William & Mary Journal of Race, Gender, and Social Justice


Meghan Horn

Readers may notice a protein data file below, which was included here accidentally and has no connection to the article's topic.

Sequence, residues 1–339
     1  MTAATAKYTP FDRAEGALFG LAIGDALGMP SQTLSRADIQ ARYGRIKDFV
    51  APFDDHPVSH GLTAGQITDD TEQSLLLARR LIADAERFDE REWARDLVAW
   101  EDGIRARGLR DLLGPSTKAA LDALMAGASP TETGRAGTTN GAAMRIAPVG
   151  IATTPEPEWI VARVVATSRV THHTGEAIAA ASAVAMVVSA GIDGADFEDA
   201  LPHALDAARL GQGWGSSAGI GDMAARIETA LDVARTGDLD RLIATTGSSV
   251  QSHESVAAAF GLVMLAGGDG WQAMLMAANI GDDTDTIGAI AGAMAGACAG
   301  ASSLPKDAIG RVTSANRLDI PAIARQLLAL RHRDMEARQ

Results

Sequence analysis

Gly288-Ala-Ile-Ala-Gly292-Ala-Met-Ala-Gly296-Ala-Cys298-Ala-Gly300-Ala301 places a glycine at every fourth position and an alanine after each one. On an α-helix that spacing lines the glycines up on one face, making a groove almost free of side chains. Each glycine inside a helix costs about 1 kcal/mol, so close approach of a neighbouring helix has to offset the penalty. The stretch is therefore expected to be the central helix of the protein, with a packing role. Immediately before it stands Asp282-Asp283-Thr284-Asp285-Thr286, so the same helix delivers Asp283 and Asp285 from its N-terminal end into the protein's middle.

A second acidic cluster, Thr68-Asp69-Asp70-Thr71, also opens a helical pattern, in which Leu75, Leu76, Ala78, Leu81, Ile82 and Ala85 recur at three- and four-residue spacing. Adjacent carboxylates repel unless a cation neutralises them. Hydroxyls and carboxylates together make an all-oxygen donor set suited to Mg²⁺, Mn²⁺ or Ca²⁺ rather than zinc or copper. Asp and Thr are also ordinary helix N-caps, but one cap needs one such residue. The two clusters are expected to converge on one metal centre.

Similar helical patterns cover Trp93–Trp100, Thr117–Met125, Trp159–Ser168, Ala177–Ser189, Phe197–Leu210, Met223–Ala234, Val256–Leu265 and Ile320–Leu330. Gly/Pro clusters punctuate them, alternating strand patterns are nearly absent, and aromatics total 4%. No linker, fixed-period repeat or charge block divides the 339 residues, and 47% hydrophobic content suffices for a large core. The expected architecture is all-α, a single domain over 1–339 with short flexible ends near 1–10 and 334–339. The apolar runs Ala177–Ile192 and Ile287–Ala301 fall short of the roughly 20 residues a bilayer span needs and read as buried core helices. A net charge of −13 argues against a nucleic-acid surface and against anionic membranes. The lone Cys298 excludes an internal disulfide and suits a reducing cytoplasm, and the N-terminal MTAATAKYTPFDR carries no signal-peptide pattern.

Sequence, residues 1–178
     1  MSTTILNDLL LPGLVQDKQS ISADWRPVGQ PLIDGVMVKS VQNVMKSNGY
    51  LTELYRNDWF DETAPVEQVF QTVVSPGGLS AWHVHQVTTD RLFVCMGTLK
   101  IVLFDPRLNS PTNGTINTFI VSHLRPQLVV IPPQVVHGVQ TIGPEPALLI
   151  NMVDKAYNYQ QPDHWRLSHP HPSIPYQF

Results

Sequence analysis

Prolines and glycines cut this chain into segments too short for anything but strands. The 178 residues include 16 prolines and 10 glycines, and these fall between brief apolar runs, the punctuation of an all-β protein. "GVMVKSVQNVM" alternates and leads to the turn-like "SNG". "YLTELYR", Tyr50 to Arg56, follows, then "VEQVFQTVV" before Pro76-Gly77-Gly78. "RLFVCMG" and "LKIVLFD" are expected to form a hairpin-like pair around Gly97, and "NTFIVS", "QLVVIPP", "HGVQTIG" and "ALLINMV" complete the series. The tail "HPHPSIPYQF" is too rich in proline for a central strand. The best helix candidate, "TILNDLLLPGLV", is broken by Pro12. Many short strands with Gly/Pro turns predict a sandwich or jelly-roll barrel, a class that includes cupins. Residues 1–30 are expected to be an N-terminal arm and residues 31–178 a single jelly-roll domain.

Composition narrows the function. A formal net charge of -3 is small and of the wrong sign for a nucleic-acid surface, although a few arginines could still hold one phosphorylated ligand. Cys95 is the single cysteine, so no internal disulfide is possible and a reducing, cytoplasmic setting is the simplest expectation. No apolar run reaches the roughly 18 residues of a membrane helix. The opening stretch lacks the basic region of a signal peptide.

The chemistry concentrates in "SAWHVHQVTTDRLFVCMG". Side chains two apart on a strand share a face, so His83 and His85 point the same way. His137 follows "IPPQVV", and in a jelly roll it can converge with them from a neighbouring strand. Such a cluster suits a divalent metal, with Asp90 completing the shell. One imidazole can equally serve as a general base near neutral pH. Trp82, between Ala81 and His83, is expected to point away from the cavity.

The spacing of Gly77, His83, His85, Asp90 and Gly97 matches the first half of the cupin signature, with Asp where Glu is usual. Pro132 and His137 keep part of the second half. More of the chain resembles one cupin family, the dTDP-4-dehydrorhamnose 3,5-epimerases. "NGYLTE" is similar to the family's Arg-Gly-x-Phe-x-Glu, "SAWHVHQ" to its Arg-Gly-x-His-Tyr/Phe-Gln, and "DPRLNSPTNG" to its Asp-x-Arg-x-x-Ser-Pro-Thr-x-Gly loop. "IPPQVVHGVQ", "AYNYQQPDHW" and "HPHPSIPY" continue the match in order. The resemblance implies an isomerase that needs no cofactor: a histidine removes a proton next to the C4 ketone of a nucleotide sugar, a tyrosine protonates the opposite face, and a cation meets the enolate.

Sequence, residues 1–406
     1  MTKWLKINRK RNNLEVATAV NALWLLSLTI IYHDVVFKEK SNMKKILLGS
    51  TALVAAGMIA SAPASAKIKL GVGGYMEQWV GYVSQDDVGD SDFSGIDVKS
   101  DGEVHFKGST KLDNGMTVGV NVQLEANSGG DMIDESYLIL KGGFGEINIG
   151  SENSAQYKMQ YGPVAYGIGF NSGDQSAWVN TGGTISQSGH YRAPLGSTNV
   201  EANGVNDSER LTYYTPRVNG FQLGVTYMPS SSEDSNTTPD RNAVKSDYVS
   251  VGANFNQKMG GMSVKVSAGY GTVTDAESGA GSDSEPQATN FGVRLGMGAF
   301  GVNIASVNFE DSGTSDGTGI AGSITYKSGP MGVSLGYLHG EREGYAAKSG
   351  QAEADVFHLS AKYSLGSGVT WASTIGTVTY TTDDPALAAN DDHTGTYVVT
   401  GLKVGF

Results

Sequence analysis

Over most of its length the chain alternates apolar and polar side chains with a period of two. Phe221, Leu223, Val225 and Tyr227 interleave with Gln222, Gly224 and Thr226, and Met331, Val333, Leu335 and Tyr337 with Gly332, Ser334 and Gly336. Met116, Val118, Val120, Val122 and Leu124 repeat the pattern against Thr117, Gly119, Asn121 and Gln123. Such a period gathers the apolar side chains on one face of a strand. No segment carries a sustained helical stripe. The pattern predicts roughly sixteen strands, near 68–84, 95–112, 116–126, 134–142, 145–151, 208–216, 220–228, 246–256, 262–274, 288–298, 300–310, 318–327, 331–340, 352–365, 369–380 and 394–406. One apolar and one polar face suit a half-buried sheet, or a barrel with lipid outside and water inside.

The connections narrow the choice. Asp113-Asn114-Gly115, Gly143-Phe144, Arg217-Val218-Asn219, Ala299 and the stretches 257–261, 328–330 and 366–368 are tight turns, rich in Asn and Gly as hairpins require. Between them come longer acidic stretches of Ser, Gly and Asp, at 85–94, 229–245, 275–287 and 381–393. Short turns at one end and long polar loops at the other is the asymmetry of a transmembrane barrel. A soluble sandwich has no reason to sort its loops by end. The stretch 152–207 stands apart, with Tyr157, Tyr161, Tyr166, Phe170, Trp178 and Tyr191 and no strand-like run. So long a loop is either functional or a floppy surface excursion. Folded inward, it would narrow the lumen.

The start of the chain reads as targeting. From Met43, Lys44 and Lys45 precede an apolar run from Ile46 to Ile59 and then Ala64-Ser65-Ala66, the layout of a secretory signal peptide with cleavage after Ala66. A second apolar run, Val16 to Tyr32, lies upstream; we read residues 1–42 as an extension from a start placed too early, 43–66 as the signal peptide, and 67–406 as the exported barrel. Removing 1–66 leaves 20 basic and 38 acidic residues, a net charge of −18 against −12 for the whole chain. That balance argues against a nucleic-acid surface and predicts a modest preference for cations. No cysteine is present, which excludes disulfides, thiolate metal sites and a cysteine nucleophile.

This note examines the constitutional and policy implications of criminal prosecutions for prenatal maternal substance abuse under statutes criminalizing drug delivery, child abuse, and manslaughter. Although only one of these convictions has been upheld in the thirty years since a prosecutor first brought such charges, prosecutors continue to propose new and increasingly inventive theories of prosecution. Not only do these cases present procedural due process, substantive due process, and equal protection problems, they also cannot be supported by public policy. The prosecutions are opposed by healthcare workers, pit the interests of mothers and unborn children against each other, and actually drive pregnant addicts away from prenatal care. Although a number of punitive solutions have been proposed, including statutes written specifically to target prenatal drug use and civil sanctions, the only real solution to the problem of prenatal maternal drug use is to increase funding for drug treatment centers that cater to or can accommodate pregnant women.